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Police Are Investing In New Technology. 'Thin Blue Lie' Asks, 'Does It Work?'

A body camera from Taser is seen during a press conference on Sept. 24, 2014 in Washington, DC.
AFP/Getty Images
A body camera from Taser is seen during a press conference on Sept. 24, 2014 in Washington, DC.

Updated at 10:23 p.m. ET

In 2014, Michael Brown, an 18-year old unarmed black man, was fatally shot by a white police officer in Ferguson, Mo.

In the four months that followed, the stock price of the stun-gun maker Taser International, now known as Axon Enterprise, nearly doubled.

The following year, the Department of Justice launched a pilot program awarding more than $23.2 million in grants to expand the use of body cameras worn by police officers across the country.

Today, these types of technologies are often touted by law enforcement officials and policy makers as ways to improve policing and avoid tragic and controversial incidents.

But as their use becomes more common, to what extent are they actually solving the problems they've set out to fix?

That's the question investigative reporter Matt Stroud explores in his new book, The Thin Blue Lie: The Failure of High Tech Policing.

In the book, Stroud argues that for decades, politicians and law enforcement have often opted for quick, easy solutions to correct for problematic policing practices, rather than adopt more systematic overhauls. As a result, issues like excessive force have never been solved, he says.

"You have a system that is in place and you have officers who have often been on the job for 20 or 30 years, who were in leadership positions and they don't want to change," Stroud tells Michel Martin in an interview for NPR's All Things Considered.

One approach examined closely by Stroud is law enforcement's use of stun guns, which have been a part of the conversation around police reform since the late 1960s.

One of the first police departments to use stun guns was the Los Angeles Police Department, which adopted the weapon after facing heavy criticism surrounding a 1979 police shooting.

A policeman holds a stun gun on April 4, 2003.
Graeme Robertson / Getty Images
Getty Images
A policeman holds a stun gun on April 4, 2003.

"It was kind of the first time that this kind of weapon was used as a solution — was presented as a non-lethal solution in the wake of an incident involving a police killing," Stroud says.

Over the course of his research, Stroud says he found numerous examples of many stun gun related deaths. In 2018 alone, at least 49 people died after being shocked by police with stun guns, according to a Reuters analysis.

"The data has shown that Tasers do not reduce the number of firearms that are used on the streets and they have been shown to be lethal. So in that way they have failed to do what they were pitched to do," Stroud says.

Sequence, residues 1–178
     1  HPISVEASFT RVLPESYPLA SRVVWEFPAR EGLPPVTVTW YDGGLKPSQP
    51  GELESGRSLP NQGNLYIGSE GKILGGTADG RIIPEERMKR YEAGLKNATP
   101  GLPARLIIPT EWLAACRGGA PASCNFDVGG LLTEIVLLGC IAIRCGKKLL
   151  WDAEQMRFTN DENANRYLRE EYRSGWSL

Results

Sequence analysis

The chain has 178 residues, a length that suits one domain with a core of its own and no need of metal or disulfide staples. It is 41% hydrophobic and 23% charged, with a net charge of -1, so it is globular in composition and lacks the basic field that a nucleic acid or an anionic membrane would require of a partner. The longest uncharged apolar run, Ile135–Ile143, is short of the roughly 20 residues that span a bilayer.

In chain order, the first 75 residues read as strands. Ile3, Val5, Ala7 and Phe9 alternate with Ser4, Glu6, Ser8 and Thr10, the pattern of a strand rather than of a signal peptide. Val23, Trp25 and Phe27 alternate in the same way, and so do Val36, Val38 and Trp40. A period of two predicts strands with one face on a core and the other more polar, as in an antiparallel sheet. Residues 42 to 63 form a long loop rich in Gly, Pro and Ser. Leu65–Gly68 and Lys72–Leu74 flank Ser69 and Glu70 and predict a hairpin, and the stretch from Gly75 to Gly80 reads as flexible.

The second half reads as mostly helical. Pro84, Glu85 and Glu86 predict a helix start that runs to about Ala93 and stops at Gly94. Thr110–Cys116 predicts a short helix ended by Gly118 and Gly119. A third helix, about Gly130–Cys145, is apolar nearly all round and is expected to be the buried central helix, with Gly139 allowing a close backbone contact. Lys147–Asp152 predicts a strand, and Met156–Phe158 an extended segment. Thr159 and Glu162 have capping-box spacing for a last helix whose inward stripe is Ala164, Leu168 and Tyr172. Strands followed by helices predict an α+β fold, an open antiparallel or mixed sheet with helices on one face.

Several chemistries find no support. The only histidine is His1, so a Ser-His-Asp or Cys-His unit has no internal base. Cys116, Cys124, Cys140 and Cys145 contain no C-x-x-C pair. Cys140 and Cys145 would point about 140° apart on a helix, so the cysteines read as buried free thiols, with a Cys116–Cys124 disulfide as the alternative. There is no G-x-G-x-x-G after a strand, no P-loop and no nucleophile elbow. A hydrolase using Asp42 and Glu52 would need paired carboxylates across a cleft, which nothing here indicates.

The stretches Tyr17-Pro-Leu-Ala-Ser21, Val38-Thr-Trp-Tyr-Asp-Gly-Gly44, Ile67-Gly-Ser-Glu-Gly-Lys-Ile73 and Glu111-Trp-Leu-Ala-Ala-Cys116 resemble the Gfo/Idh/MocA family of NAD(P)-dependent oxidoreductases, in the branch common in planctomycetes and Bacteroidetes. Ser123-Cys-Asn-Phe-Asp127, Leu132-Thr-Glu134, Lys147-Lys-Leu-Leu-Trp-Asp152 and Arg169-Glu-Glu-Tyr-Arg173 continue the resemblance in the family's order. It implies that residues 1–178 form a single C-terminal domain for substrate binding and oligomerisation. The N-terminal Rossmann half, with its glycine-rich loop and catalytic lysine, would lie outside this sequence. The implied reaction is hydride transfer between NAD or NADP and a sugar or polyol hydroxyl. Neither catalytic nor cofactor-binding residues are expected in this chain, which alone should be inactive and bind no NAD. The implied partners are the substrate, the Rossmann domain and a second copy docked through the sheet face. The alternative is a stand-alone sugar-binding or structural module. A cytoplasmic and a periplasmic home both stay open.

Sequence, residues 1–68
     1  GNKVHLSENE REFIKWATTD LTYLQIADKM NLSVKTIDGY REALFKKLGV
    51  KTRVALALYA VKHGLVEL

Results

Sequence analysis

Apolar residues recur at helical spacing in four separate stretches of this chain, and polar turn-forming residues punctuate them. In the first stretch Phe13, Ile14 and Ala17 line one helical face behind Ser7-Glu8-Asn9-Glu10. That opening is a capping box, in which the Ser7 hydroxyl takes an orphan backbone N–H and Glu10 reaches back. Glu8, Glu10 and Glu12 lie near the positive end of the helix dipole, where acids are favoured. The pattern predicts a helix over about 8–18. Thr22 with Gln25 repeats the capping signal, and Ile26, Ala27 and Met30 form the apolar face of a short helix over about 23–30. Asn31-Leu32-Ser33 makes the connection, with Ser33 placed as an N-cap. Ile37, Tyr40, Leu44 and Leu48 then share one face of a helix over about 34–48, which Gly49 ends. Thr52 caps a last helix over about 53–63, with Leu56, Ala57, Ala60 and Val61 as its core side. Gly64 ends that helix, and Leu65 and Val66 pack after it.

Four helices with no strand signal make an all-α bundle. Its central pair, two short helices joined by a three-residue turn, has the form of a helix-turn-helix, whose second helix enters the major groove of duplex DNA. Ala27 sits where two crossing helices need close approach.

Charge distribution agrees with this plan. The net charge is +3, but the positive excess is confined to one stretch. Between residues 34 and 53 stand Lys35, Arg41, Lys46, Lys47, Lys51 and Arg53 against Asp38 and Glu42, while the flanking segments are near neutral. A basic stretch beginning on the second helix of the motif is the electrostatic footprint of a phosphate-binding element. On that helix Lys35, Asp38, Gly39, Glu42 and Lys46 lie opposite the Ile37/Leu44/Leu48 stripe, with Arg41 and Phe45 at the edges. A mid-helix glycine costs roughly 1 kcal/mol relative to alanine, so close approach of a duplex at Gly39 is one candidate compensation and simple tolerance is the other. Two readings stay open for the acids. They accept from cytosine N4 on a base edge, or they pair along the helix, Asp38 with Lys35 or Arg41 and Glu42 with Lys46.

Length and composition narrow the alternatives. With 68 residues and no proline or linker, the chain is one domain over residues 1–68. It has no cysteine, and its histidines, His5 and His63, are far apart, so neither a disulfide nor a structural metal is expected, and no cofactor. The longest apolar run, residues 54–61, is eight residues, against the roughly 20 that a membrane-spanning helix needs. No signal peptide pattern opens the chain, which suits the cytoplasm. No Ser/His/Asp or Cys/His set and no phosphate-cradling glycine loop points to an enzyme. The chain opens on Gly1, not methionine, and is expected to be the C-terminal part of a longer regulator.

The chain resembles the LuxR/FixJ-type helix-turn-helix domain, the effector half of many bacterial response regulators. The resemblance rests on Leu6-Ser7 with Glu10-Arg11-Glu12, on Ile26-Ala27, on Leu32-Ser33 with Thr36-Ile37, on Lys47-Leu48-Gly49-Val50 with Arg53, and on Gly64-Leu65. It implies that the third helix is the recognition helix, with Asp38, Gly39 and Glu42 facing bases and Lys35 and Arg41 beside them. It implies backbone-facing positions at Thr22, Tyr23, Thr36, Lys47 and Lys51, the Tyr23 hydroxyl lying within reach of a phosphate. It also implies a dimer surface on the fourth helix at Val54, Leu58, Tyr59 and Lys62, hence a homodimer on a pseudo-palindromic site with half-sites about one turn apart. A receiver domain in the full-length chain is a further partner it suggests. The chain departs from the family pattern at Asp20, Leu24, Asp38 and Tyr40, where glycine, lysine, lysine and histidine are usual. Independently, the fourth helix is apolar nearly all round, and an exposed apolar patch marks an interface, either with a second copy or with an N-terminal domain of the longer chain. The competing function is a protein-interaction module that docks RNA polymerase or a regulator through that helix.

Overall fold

A normal shock from a stun gun lasts five seconds. But as Stroud notes, "When police officers pull the trigger over and over and over again to make that Taser shock last five seconds, and 10 seconds, and 25 seconds, that's when they become really dangerous."

For his research, Stroud says he allowed himself to be stunned in his back for five seconds.

"It hurt. It's it's like a charlie horse that takes over your entire body. You can't move," he says. "It felt like I was never gonna be able to move again."

Another technology examined by Stroud is the police body camera. It's an innovation with well-placed intentions, argues Stroud, but often he says, its potential goes unfulfilled.

Even though body cameras have been shown in studies not to influence police officers' use of force, Stroud says that body cameras can help bring transparency to police interactions, especially in the aftermath of controversial officer-involved shootings.

The problem, Stroud says, is that body-cam footage is not always made public.

"Where problems emerge is when government officials and police officials push back against making that footage public," he says.

When it is made public, he says it's often offered as exculpatory evidence.

"It ends up becoming a promotional vehicle rather than something that is designed to force transparency and show the truth," says Stroud.

Instead of investing millions of dollars into equipment like body cameras and stun guns, Stroud proposes a non-technological solution to problems like excessive use of force.

He points to a 1967 report from the U.S. Department of Justice that recommended, among other things, greater community involvement, increased hiring of minority police officers and better training on the use of force.

While Stroud acknowledges that some of these changes have occurred over the past several decades, he believes reforms have still not gone far enough. Since there are around 18,000 law enforcement agencies in the U.S., Stroud argues change needs to happen on a much broader scale.

"Unless you have some major event or leader that emerges in policing in the United States who forces this kind of change, then it's not going to happen."

This story was produced and edited for broadcast by Elizabeth Baker and Martha Wexler. contributed to this story

Copyright 2023 NPR. To see more, visit https://www.npr.org.

Corrected: April 7, 2019 at 12:00 AM EDT
A previous Web version of this story referred to the release of body camera footage in the deadly police shooting of Laquan McDonald in 2014. In fact, the footage was from a police dashboard camera.
Michel Martin is the weekend host of All Things Considered, where she draws on her deep reporting and interviewing experience to dig in to the week's news. Outside the studio, she has also hosted "Michel Martin: Going There," an ambitious live event series in collaboration with Member Stations.